The imposed social isolation that occurs during lockdowns deprives human beings of their innate need for social interaction. At least 13 studies demonstrate that social isolation increases mortality risk, and many Americans are experiencing mental crises as a result of the lockdowns and COVID fear-mongering being perpetuated by mainstream media. According to Bhattacharya and colleagues:[xiv]
“In Massachusetts, emergency departments have seen about four times more children and teens in psychiatric crisis than usual. One in four young adults in the U.S. seriously considered suicide this past June.”
Since October, thousands of public health scientists, medical practitioners, and researchers have endorsed the Declaration,[xv] which recommends “focused protection” in lieu of lockdowns, putting strategies in place to protect the elderly at high risk from infection while protecting those who are non-vulnerable from the immense harms of “radical” lockdown measures.
Public health, after all, is about more than infection control; it’s intended to look out for the health and well-being of the entire population, they note, adding:[xvi]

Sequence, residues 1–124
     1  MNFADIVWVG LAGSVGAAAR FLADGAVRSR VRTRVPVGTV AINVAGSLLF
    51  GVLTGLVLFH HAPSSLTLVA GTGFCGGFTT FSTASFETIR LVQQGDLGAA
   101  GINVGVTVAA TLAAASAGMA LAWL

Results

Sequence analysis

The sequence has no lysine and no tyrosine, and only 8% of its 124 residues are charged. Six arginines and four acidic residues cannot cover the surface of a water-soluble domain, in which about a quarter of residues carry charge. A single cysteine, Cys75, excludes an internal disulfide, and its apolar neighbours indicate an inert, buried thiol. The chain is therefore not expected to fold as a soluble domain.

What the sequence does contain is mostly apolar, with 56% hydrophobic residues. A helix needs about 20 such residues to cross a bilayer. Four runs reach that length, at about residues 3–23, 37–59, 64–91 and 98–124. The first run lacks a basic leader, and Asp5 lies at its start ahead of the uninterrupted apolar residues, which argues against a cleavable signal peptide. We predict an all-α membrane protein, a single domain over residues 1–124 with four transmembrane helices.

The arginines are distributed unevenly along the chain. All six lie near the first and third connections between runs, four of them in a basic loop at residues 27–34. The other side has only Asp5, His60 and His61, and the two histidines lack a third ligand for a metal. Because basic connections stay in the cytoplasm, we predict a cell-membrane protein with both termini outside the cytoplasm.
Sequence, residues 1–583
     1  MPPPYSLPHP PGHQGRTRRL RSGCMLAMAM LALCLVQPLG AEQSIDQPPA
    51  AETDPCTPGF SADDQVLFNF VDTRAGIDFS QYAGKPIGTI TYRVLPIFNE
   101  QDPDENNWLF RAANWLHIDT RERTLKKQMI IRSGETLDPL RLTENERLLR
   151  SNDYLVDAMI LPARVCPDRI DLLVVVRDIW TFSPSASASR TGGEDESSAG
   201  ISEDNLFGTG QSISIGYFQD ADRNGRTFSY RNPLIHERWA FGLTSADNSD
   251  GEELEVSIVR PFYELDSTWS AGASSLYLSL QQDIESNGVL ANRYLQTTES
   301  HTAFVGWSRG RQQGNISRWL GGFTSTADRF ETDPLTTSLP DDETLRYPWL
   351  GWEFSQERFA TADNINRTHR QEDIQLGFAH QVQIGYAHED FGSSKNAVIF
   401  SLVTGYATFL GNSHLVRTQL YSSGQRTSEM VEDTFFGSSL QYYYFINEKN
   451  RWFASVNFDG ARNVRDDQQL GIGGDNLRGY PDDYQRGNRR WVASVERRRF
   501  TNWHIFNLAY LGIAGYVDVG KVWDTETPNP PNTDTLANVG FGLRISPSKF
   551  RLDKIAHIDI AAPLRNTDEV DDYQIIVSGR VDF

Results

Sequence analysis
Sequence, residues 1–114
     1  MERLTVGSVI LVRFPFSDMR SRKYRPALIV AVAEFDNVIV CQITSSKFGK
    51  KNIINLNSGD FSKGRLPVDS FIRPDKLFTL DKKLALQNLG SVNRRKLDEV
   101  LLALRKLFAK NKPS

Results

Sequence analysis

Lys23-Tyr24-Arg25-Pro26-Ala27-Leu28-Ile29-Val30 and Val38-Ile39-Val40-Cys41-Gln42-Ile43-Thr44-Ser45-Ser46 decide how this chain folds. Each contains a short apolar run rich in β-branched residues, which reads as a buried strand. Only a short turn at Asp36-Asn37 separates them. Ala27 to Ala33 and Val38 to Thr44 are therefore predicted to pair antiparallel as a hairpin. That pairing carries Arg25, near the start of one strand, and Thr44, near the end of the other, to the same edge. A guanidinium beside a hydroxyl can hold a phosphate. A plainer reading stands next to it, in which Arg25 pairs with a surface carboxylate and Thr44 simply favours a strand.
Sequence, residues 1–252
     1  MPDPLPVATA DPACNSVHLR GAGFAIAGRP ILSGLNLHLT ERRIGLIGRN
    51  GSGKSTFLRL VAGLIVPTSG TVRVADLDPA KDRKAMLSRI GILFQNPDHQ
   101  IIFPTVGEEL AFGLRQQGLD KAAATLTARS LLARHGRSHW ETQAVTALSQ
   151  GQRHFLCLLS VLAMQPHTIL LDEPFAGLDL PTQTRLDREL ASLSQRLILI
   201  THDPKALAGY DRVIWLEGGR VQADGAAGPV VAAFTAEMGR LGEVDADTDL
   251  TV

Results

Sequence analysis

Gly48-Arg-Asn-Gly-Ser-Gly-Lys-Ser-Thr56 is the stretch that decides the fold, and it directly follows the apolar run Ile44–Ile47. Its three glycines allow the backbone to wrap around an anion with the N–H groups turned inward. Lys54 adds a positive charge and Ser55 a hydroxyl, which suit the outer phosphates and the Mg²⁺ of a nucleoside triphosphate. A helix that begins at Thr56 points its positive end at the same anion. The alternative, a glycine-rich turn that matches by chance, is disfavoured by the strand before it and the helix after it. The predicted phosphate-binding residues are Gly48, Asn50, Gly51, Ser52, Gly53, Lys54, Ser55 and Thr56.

“There is more than a thousand-fold difference in COVID-19 mortality between the oldest and youngest. Children have lower mortality from COVID-19 than from the annual influenza. For people under the age of 70, the infection survival rate is 99.95 percent.”
“For the non-vulnerable, who face far greater harm from the lockdowns than they do from COVID-19 infection risk, the lockdowns should be lifted and—for those who so decide—normal life resumed.”
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[iii] Computer Methods and Programs in Biomedicine November 2020, Volume 196, 105642 https://www.sciencedirect.com/science/article/abs/pii/S0169260720314759?via%3Dihub
[iv] Scientific Reports volume 11, Article number: 5313 (2021) https://www.nature.com/articles/s41598-021-84092-1#Sec5
[viii] Scientific Reports volume 11, Article number: 5313 (2021) https://www.nature.com/articles/s41598-021-84092-1#Sec5
[ix] Scientific Reports volume 11, Article number: 5313 (2021) https://www.nature.com/articles/s41598-021-84092-1#Sec5
[x] Scientific Reports volume 11, Article number: 5313 (2021) https://www.nature.com/articles/s41598-021-84092-1#Sec5
[xiii] Great Barrington Declaration, Focused Protection https://www.thelancet.com/journals/lanres/article/PIIS2213-2600(20)30555-5/fulltext
[xiv] Great Barrington Declaration, FAQs https://gbdeclaration.org/frequently-asked-questions/
[xv] The Lancet Respiratory Medicine November 24, 2020 https://www.thelancet.com/journals/lanres/article/PIIS2213-2600(20)30555-5/fulltext
[xvi] The Lancet Respiratory Medicine November 24, 2020 https://www.thelancet.com/journals/lanres/article/PIIS2213-2600(20)30555-5/fulltext